ACL Injuries in Women: Why They Happen And How to Prevent Them

ACL Injuries in Women: Why They Happen And How to Prevent Them

Apr 30, 2015

At KOC, our sports medicine team treats knee injuries in male and female athletes of all ages and skill levels, including anterior cruciate ligament (ACL) injuries. And while ACL injuries are common among all athletes, they are becoming more increasingly common in female athletes.

“Women's sports, once dominated by a slow, defensive style, are now played with speed, precision, and power,” says Russell Betcher, M.D., a board-certified orthopedic surgeon and sports medicine specialist.

“With these changes have come increased injuries, and female athletes have higher injury rates than men in many sports, particularly soccer, basketball, and volleyball.”

Because soccer, basketball and volleyball involve a lot of pressure to the knees, cutting and jumping, the ACL is put to the test and more prone to injury.  

The ACL is a powerful ligament extending from the top-front surface of the leg bone (tibia) to the bottom-rear surface of the thigh bone (femur). The ligament prevents the knee joint from instability. 

“Coming to a quick stop, combined with a direction change while running, pivoting, landing from a jump, or overextending the knee can cause injury to the ACL,” says Russell Betcher, M.D.

The majority of ACL injuries suffered during athletic participation are of the non-contact variety. Three main non-contact mechanisms have been identified as causes:

  • Planting and cutting
  • Straight-knee landing
  • One-step stop landing

Pivoting and sudden deceleration are also common mechanisms of non-contact ACL injury.

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How to Reduce ACL Injury Risk

Our sports medicine team, along with the American Academy of Orthopaedic Surgeons, recommends that athletes engage in ACL prevention programs or regimens to avoid injury. There are three important components to ACL injury prevention.

1.    “Training and conditioning should be a year-round program for any athlete,” says Russell Betcher, M.D.

Skill drills and strength and flexibility exercises will enhance balance and coordination so you will be ready when the season starts.

2.    “Make strengthening exercises for the hamstrings and quadriceps muscles a regular part of your conditioning program,” says Russell Betcher, M.D.

To stretch the quads, stand and use a wall or table for support. Lift one leg and pull your foot towards your buttocks. Hold for five seconds, then release the foot and stand straight. Repeat six to ten times on one side, then turn and repeat on the other side. To stretch the hamstrings, sit with one knee bent and the other leg extended, toes pointing to the ceiling. Lean forward until you feel a stretch. Hold for five seconds then return to your original position. Repeat six to ten times on each leg.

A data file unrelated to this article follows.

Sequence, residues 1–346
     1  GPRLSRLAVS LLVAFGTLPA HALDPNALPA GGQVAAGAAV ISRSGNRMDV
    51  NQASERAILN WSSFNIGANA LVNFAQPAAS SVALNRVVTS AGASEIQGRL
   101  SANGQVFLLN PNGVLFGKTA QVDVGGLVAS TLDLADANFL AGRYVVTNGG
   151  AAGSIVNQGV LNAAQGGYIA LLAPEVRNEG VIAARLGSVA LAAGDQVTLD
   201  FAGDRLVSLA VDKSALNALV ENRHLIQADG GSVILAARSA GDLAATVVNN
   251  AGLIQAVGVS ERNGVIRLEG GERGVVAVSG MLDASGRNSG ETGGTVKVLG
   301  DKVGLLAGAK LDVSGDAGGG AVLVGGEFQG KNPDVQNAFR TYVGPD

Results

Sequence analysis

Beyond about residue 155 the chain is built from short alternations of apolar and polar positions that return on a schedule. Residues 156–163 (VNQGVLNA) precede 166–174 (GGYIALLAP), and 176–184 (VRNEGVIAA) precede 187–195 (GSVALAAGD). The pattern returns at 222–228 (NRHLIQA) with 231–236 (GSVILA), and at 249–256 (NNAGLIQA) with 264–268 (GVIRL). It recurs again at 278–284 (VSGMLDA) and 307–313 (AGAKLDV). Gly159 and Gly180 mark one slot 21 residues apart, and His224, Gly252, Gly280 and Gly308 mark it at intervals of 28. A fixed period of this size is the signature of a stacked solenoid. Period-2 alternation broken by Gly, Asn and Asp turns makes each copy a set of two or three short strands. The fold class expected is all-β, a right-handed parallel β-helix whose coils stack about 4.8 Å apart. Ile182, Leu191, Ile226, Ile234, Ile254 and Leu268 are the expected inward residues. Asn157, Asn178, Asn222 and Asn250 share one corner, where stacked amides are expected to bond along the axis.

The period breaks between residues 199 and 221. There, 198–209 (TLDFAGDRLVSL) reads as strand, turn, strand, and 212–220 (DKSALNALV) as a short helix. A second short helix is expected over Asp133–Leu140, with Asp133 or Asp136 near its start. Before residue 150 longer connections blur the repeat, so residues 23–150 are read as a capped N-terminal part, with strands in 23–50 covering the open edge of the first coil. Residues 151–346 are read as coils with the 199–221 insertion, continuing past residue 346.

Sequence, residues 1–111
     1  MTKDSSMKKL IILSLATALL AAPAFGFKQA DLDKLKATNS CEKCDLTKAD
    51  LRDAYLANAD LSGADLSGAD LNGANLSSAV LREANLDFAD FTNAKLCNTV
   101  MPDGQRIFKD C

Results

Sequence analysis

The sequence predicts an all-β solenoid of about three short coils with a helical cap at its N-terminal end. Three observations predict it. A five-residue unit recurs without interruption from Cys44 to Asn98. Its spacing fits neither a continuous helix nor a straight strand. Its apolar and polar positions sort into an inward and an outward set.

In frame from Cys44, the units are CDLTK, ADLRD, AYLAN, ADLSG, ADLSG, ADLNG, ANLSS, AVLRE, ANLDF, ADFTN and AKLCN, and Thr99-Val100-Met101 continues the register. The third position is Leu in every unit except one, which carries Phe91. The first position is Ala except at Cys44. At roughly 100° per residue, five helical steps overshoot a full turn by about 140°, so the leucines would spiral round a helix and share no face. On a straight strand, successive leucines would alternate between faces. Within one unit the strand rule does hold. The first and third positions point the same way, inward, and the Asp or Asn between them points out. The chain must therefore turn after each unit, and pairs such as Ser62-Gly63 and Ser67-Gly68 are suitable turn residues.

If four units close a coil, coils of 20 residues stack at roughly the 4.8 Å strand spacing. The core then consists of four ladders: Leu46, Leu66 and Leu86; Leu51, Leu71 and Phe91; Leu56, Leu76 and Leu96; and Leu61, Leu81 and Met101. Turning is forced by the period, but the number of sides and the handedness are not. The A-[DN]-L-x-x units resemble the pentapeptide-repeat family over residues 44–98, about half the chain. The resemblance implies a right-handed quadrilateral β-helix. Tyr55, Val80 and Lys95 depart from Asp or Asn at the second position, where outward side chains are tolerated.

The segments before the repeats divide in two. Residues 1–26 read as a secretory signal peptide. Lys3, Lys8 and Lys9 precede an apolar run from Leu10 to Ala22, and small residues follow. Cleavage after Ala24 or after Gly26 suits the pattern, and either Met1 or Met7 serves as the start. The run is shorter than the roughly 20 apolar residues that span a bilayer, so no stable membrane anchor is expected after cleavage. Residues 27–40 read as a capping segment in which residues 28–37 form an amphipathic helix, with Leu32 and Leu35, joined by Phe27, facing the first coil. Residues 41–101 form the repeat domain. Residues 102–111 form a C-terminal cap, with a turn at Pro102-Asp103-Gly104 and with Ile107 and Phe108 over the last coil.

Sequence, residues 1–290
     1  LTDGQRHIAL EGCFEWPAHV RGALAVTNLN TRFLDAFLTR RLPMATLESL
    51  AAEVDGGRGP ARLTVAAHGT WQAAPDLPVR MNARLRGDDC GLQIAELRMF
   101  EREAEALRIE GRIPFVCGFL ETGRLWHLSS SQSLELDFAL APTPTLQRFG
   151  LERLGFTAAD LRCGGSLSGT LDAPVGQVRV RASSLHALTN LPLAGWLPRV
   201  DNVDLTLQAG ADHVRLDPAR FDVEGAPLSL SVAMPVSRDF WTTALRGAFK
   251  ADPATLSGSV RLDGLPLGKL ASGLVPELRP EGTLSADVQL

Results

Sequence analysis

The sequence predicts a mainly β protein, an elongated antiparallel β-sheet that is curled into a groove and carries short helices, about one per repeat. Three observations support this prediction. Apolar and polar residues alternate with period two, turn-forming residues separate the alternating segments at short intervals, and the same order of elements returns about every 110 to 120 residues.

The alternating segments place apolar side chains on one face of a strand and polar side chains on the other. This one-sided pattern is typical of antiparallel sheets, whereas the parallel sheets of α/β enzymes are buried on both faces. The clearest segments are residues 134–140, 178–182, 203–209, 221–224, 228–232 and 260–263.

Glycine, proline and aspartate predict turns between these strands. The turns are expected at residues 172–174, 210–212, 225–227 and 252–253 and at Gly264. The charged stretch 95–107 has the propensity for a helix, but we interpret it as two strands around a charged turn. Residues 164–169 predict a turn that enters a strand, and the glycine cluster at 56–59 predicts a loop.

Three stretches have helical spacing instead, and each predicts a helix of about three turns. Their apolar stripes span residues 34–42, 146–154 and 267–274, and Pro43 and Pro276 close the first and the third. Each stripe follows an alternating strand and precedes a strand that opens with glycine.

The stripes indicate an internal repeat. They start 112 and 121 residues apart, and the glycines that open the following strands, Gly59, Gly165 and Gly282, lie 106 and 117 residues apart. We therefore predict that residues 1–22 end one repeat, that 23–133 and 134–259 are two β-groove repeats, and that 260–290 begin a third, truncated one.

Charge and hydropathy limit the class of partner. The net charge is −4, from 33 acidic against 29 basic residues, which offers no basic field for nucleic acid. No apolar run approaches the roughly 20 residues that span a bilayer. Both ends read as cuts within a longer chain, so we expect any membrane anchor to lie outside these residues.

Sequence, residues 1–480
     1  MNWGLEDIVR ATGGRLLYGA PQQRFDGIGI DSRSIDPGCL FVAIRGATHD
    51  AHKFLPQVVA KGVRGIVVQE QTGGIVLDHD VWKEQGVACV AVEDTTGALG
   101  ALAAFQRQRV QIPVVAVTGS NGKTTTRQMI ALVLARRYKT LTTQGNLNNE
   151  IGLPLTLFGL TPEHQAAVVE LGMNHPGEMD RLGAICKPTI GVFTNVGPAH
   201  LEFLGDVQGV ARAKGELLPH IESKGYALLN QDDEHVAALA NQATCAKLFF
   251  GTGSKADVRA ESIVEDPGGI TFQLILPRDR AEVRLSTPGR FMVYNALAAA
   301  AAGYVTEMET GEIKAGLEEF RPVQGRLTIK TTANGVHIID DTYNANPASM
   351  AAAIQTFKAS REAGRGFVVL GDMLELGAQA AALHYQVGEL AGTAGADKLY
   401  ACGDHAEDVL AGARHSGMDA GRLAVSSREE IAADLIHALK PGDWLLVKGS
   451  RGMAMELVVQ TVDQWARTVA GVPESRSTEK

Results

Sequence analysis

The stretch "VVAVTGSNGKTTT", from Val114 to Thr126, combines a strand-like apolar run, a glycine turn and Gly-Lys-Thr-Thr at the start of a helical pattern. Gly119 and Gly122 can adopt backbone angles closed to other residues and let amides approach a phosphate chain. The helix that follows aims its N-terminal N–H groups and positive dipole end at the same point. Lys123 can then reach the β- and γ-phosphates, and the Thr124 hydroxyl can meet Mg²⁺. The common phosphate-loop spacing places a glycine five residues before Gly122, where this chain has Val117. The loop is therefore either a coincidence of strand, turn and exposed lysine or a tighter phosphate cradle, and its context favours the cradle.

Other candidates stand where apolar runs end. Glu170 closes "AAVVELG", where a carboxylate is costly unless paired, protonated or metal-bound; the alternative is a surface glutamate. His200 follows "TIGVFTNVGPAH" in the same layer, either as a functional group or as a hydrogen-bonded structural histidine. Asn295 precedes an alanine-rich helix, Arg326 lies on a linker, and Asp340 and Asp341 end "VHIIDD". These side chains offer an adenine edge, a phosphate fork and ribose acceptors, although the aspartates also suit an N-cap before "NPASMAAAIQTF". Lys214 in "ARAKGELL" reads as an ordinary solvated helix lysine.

3.    Practice proper landing technique (from a jump) and practice cutting maneuvers in a crouched posture, with a slight bend at the knee and the hip.

“Being aware of the mechanics of the body during athletic activities is a key part of avoiding injury,” says Russell Betcher, M.D., “Changing how you place pressure on the knee during play is an important step in protecting the ACL.”

Our sports medicine team, athletic trainers and physical therapists are dedicated to the safety and health of athletes, providing tools to prevent injury and offering treatment when injuries happen. Our board-certified physicians offer surgical and nonsurgical treatment for ACL injuries. If you are suffering from an ACL injury, do not hesitate to contact us at 865-558-4400.   

Fast Stats About ACL Injuries in Athletes:

  • Female basketball players damage their knees four times more often than men.
  • Female soccer players are 2 1/2 more times likely to suffer knee injuries than men.
  • Men take three short steps when they stop or change direction.  Women have done it all in one stride, thereby placing more pressure on the knees.
  • Men tend to bend their knees more when landing from a jump or making a sudden change in speed or direction, whereas women’s knees remain stiffer.

ACL Resources:

American Academy of Orthopaedic Surgeons (AAOS) – ACL Injuries

American Orthopaedic Society For Sports Medicine – ACL Injury Prevention

AAOS – Knee Conditioning Program



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